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View Full Version : What type of DIY machine could do this?



Pieter Swart
05-13-2017, 8:15 AM
Hi Guys, I am wondering,
I want to make some really flashy business cards for my wife... as a handy guy, I would rather try to build something and do it myself than to go find someone else to do it.
Check out this picture and let me know your thoughts.

Bare in mind, I am trying to it on a tiny if not non existent budget, using what I can find at either a Harbor freight, radio shack (If I can still find one) and maybe a few parts off of ebay.

:D:confused: 360115

Notice the honey comb cut out...This is what I am after... both stainless steel and aluminum

Scott Shepherd
05-13-2017, 9:07 AM
Google Chemical Etching Metal.

Dave Sheldrake
05-13-2017, 7:26 PM
for the honeycomb..punch or powerful laser...neither will be cheap :(

William Adams
05-13-2017, 7:33 PM
For aluminum, a CNC machine could do this pretty easily --- esp. if you were willing to compromise on the tool paths and use a V-bit for detailing, and then a normal round bit for the through cut (it would leave a radius at the corners but with the V-engraved detailing it's not too bad).

Steel is tougher, CNC routers can sort of cut it, esp. w/ coolant, but it takes a lot of care with the toolpaths and feeds and speeds (Rich Cournoyer does this a lot, see his posts to various forums and, I think a YouTube channel) --- not getting these right can have a high cost in tooling. Also, due to low tool engagement one pretty much needs to be able to sharpen endmills so as to keep tooling costs reasonable, at least by my standards.

A "real" mill converted to CNC would do this quite handily, and a machine such as a Tormach would make short work of it.

Kev Williams
05-13-2017, 7:49 PM
One of my customers makes ribbon microphones with a stainless housing.
This one--
360129
has 105 of those holes in it. He's been machining these holes with a mill, takes him 4 hours...He's been after me to help him figure out a way or a place to laser cut these. Since they have to be cut while still in cylinder form, most laser cutting shops can't do it, and the one (only one) he found wants $85 a pop and a 500 piece minimum. The $85 isn't so bad, but these are custom made, 500 would be a 30 year supply...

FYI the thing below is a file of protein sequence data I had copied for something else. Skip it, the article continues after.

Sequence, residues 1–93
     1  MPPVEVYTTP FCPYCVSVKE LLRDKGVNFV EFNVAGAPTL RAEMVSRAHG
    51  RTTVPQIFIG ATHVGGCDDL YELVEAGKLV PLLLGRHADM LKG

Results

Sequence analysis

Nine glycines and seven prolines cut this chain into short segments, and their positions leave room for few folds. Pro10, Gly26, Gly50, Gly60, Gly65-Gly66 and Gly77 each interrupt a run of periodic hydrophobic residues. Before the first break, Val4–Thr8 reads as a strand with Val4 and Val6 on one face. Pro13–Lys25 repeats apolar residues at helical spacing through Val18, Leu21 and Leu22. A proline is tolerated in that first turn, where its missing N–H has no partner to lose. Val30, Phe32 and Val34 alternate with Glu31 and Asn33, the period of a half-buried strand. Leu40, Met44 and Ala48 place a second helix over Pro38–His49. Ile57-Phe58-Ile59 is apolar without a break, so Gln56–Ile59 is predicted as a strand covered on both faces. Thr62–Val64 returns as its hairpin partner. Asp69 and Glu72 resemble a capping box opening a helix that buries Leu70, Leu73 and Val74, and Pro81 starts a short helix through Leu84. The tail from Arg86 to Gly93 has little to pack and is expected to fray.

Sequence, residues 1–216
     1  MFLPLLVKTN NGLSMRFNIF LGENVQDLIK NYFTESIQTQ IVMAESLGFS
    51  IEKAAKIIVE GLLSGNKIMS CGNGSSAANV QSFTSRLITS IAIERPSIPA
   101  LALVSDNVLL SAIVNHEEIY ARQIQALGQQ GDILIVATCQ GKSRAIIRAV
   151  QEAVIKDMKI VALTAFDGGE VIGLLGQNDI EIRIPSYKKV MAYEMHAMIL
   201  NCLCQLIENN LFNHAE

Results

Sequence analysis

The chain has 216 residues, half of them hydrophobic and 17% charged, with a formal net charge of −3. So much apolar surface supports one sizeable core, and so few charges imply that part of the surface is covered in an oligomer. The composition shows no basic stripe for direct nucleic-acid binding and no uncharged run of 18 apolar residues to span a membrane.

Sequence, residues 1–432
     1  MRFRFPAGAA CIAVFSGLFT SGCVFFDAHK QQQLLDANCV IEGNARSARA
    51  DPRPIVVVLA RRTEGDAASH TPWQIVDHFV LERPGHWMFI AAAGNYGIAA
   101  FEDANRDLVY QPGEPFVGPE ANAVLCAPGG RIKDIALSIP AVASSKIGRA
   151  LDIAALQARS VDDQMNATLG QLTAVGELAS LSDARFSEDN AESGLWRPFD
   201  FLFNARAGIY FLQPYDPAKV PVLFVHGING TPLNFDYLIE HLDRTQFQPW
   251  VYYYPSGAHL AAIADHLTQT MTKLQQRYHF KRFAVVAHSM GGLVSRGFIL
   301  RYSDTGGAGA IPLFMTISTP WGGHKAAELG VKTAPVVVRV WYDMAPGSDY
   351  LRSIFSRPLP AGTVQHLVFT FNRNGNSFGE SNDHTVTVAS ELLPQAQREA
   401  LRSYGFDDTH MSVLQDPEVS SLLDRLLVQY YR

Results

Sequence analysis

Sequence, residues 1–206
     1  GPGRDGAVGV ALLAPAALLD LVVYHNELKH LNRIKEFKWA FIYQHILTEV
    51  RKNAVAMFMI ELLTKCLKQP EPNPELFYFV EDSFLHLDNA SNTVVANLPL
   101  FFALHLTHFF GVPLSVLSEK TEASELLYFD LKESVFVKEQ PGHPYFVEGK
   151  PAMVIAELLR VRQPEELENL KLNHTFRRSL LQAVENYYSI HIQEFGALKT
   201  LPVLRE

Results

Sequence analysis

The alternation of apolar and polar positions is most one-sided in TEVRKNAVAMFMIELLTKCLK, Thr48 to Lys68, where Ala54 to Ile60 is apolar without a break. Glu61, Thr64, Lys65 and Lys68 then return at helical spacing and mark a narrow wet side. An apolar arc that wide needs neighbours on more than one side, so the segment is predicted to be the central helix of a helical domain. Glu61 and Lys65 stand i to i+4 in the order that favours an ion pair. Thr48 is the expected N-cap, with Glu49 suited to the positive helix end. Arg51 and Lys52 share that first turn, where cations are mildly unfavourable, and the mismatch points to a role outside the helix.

I could cut those holes out on that pic sample with several of my machines, in ALUMINUM, but it would take several minutes, depending the thick(thin)ness.

About all you could get from Harbor Freight that would help make a metal business card would be a shear to cut the blanks...

Scott Shepherd
05-13-2017, 8:42 PM
He did say DIY guys! Not the best video but a place to start your search.


https://m.youtube.com/watch?v=79r7iX1Qm1M

matthew knott
05-13-2017, 9:13 PM
Chemical milling , you could do it diy as the chemicals are cheap, a uv light box and etch resist all available, the professionals do these in big sheets, the etching does all the detail and the cutting, even the card shape

Pieter Swart
05-14-2017, 8:18 AM
I have a follow up question. ( or two)

Based on what I have read above... Is it possible to cut this out with my 100w CO2 tube? material would be sublimation stock aluminum or slightly thicker. If you have done this, how thick was thickest stock used?


Below is my machine...
360181

Bert Kemp
05-14-2017, 10:49 AM
I'm not sure what sublimation stock aluminum is . Is it made for laser cutting. If its Aluminum I don't think you will cut or engrave it with a CO2 laser.

Pieter Swart
05-14-2017, 11:23 AM
I'm not sure what sublimation stock aluminum is . Is it made for laser cutting. If its Aluminum I don't think you will cut or engrave it with a CO2 laser.

I Think Sublimation stock aluminum is measured in paper thickness, Its an aluminum label thin enough to be a bottle label or really thin (pathetic) business card...

At this point I think I might just order anodized blanks and engrave them or cermark a few cool Stainless steel cards for her... ( and myself while I'm at it...)

I also wtached that DIY Chemical etch video... Now That is cool!!!

Keith Outten
05-14-2017, 4:28 PM
Just a suggestion.

Try engraving business cards on clear cast acrylic. They look fantastic and you can make them from project scraps.
If you have to have aluminum a rotary engraver would be my first choice, you can do it on a CNC Router but its painfully slow.
.

Bert Kemp
05-14-2017, 4:50 PM
Keith how thin can you find cast acrylic ? I made a friend some cards on veneer, they came out awesome.
Just a suggestion.

Try engraving business cards on clear cast acrylic. They look fantastic and you can make them from project scraps.
If you have to have aluminum a rotary engraver would be my first choice, you can do it on a CNC Router but its painfully slow.
.

David Somers
05-14-2017, 7:44 PM
Hey Bert!